August 24

Good Girl Bad Girl – Ann Girdharry

Good Girl Bad GirlA stalker. A pact. And a deadly secret.

How far must Kal go to face the truth and find her missing mother?

Kal is twenty-eight years old and she’s no fool, though sometimes she might pretend to be, because hiding her strengths is a great way to extract information.

An expert in psychology and skilled in reading other people and their behaviours, she first learnt her craft from her deceased father. He was a man with dark secrets.

When her journalist mother goes missing, Kal investigates. A shadow’s been stalking her family for three generations. Kal will uncover a child trafficking network and to find her mother, she must face her deepest suspicions and a dread she’s been avoiding all her life…


My thanks to Kate at Authoright for the chance to join the blog tour.


Kal Medi is a photo journalist. She has returned from assignment to find her mother has vanished.  Her mother’s home looks undisturbed, however, a threatening letter lies in plain sight. Kal is surprised by the letter (not that one exists but that her mother has left it where it could be found) it seems Kal, her mother and her grandmother before her, have been receiving threatening letters for years. This is the first of the curious plot threads that Ann Gridharry has left for us.

When she was young Kal was trained by her father to read people, their nervous ticks, their subtle “tells” and their involuntary gestures. It seems that Kal can almost see into the soul of people she is speaking with. Her father challenged her to “read” people to uncover their secrets – at a young age Kal could learn the worst of people’s vices and it steeled her for challenges to come.  Her father also ensured Kal was trained in martial arts, she can defend herself better than most and is a threat to those that may challenge her.  A real kick-ass heroine and a great lead character.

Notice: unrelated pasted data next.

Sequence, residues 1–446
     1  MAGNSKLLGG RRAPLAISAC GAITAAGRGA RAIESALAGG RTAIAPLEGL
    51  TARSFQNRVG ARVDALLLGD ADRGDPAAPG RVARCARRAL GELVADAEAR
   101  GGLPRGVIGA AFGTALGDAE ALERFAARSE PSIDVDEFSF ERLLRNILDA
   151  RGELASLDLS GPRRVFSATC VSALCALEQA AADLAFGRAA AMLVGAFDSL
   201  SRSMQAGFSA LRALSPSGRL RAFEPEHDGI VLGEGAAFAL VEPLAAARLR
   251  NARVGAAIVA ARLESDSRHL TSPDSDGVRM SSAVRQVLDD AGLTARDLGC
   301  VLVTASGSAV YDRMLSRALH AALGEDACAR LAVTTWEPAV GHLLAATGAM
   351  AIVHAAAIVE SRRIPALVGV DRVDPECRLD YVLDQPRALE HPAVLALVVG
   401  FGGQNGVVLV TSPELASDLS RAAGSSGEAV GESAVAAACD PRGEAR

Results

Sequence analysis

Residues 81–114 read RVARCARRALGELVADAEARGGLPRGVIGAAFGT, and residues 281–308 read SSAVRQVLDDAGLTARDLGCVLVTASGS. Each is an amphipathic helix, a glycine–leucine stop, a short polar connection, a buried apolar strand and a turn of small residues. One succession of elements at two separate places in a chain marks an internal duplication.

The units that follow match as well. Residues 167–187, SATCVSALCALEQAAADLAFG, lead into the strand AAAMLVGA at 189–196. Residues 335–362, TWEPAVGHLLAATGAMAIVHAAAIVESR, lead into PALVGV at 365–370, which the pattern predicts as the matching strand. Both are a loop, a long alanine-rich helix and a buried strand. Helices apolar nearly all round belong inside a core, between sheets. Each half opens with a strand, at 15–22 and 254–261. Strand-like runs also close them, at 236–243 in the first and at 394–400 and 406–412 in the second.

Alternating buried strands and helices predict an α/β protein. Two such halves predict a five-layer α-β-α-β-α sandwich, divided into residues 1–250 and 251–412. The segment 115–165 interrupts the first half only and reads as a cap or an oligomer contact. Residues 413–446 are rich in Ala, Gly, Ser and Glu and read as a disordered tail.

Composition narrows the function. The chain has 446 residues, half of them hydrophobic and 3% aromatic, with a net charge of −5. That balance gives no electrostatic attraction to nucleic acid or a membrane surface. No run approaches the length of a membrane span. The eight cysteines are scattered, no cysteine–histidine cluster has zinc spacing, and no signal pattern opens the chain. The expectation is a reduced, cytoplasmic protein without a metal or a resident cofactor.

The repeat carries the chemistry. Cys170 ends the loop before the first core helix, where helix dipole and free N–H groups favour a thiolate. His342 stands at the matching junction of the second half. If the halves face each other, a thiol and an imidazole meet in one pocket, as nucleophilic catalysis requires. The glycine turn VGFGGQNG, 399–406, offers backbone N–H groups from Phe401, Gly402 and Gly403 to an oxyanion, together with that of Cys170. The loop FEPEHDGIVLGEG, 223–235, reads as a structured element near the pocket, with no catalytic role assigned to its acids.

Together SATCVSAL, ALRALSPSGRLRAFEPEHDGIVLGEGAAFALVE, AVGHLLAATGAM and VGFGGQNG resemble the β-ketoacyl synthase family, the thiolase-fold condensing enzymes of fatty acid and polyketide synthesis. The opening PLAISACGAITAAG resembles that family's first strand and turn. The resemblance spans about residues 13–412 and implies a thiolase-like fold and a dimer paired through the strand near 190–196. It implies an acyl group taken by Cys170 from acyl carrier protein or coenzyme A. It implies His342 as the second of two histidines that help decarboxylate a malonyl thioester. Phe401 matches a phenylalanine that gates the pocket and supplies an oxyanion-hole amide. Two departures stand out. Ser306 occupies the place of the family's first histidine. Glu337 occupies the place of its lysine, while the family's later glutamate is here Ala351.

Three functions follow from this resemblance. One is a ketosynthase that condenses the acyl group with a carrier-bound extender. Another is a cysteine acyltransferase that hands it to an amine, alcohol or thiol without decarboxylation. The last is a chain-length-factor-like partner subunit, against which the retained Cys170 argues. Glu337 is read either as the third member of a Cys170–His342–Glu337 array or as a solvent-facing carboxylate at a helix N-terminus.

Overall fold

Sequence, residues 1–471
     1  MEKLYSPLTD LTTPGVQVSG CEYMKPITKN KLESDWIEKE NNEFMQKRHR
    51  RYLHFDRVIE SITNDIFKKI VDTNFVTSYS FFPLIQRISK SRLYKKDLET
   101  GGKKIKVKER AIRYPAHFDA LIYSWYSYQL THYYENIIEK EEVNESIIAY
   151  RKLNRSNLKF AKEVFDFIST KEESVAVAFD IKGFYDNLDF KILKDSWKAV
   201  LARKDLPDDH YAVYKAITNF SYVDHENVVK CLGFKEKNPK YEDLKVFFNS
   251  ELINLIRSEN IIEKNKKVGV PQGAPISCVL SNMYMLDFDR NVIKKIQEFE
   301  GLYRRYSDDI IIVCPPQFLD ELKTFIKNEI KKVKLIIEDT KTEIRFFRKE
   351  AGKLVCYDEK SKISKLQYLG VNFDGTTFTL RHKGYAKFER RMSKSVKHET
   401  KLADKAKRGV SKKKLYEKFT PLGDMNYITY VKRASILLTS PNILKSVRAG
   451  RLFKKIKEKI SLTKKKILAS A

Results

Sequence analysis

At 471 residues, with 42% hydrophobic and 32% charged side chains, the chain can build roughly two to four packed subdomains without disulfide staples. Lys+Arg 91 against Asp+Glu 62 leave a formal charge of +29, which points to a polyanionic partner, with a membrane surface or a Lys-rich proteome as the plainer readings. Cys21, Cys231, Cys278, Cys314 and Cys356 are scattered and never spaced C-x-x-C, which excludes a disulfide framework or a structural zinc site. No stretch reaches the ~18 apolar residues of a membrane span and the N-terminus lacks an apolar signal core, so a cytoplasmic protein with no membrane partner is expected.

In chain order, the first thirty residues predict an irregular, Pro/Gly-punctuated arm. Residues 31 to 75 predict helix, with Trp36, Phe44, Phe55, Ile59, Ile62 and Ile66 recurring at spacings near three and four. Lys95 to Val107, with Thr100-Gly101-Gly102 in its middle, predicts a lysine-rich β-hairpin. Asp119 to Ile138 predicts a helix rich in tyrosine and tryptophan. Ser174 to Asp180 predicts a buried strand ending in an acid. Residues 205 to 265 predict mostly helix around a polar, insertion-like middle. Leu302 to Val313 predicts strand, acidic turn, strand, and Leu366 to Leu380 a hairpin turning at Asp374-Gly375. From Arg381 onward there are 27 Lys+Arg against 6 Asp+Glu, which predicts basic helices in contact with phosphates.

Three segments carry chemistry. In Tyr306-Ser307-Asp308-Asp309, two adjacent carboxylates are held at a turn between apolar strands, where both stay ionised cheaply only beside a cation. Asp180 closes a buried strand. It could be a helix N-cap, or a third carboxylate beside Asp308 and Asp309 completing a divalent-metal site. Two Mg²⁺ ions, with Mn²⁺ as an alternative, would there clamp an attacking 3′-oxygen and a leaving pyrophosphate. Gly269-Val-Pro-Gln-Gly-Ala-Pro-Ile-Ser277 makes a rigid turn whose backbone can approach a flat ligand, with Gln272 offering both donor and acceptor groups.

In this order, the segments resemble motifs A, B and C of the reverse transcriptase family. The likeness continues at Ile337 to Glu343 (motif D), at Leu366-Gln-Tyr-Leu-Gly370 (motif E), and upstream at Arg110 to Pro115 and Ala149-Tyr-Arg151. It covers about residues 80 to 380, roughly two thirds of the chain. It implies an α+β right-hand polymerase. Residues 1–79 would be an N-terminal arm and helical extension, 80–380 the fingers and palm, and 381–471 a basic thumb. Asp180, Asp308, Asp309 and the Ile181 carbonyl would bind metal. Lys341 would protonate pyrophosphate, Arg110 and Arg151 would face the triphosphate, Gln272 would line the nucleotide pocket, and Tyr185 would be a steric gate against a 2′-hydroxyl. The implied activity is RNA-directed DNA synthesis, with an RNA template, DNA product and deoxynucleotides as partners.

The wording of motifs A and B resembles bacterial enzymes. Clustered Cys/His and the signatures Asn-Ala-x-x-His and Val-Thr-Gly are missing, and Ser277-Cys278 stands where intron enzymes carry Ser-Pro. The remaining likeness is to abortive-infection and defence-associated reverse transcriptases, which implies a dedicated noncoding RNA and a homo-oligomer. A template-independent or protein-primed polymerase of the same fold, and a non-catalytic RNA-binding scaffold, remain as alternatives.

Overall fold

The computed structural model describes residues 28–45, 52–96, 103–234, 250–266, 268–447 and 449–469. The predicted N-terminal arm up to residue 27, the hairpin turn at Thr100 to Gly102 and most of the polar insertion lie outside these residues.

Good Girl Bad Girl sees Kal investigating her mother’s disappearance. Her only clue is a series of photographs that her mother hid on her computer – Kal needs to identify the people in the photo’s, track them down and then work out why her mother wanted her to look into these individuals. There is no guarantee that this will lead Kal to her mother, however it seems the only lead she has.

Her investigations will lead from London to India where a remote medical facility is aiding Indian street kids by providing badly injured children with replacement artificial limbs. The experiments that are being conducted in India are advancing medial technologies which will benefit thousands around the world. However, Kal has her suspicions over the facility and has to find a way to establish if the research is all legitimate.

I will confess that it took me a little time to get into Good Girl Bad Girl. Kal seemed a bit too good to be true initially, her ability to “read” people reminded me of Spider-man’s “spider sense” which would tingle when danger arose and it was a little overused through the book. I am being a tad churlish as Good Girl Bad Girl develops into a really strong thriller and I found that after my initial doubts over where the story may be heading I actually really enjoyed it.

There are some pretty dark topics addressed in Good Girl Bad Girl – naturally I cannot share what they are (SPOILERS) but I really liked the direction the story took.  Ann Girdharry does not shy away from the nasty side of the adventures and this was a definite bonus as I never like when the story is played too safe and all the characters are bulletproof. Kal and her allies will not have everything their own way and a few twisty shocks will ramp up the excitement and keep you reading.

So the acid test…did I enjoy it? Yes.

Would I recommend it?  Yes again.

And would I read more books from this author?  Absolutely.


Follow the blog tour

Good Girl Bad Girl_Banner


Good Girl Bad Girl is available in paperback and digital format and you can order a copy by clicking through the following link: 



Tags: ,
Copyright © 2014. All rights reserved.

Posted August 24, 2016 by Gordon in category "From The Bookshelf